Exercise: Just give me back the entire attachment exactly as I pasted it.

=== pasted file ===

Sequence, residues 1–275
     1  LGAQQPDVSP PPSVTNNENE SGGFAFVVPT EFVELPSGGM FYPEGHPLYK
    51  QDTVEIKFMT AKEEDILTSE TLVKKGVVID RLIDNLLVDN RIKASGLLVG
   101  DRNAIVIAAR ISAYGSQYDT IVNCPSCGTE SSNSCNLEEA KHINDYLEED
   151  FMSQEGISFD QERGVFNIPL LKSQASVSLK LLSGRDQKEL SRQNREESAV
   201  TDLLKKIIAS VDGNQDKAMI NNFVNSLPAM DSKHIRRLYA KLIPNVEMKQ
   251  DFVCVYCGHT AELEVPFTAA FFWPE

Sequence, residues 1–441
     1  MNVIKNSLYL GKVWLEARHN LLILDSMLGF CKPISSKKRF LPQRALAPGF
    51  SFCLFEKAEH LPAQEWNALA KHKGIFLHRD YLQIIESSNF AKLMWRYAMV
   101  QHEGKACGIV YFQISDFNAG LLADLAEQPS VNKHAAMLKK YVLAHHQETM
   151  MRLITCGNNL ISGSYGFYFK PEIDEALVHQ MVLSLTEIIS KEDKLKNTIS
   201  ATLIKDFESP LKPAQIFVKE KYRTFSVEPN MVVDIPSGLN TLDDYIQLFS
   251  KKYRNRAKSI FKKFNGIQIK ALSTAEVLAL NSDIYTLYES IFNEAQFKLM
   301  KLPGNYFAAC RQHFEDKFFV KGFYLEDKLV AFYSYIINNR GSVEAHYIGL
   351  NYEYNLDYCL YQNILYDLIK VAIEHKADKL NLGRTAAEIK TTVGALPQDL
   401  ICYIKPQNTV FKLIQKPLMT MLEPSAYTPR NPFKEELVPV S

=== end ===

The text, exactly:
Sequence, residues 1–275
     1  LGAQQPDVSP PPSVTNNENE SGGFAFVVPT EFVELPSGGM FYPEGHPLYK
    51  QDTVEIKFMT AKEEDILTSE TLVKKGVVID RLIDNLLVDN RIKASGLLVG
   101  DRNAIVIAAR ISAYGSQYDT IVNCPSCGTE SSNSCNLEEA KHINDYLEED
   151  FMSQEGISFD QERGVFNIPL LKSQASVSLK LLSGRDQKEL SRQNREESAV
   201  TDLLKKIIAS VDGNQDKAMI NNFVNSLPAM DSKHIRRLYA KLIPNVEMKQ
   251  DFVCVYCGHT AELEVPFTAA FFWPE

Sequence, residues 1–441
     1  MNVIKNSLYL GKVWLEARHN LLILDSMLGF CKPISSKKRF LPQRALAPGF
    51  SFCLFEKAEH LPAQEWNALA KHKGIFLHRD YLQIIESSNF AKLMWRYAMV
   101  QHEGKACGIV YFQISDFNAG LLADLAEQPS VNKHAAMLKK YVLAHHQETM
   151  MRLITCGNNL ISGSYGFYFK PEIDEALVHQ MVLSLTEIIS KEDKLKNTIS
   201  ATLIKDFESP LKPAQIFVKE KYRTFSVEPN MVVDIPSGLN TLDDYIQLFS
   251  KKYRNRAKSI FKKFNGIQIK ALSTAEVLAL NSDIYTLYES IFNEAQFKLM
   301  KLPGNYFAAC RQHFEDKFFV KGFYLEDKLV AFYSYIINNR GSVEAHYIGL
   351  NYEYNLDYCL YQNILYDLIK VAIEHKADKL NLGRTAAEIK TTVGALPQDL
   401  ICYIKPQNTV FKLIQKPLMT MLEPSAYTPR NPFKEELVPV S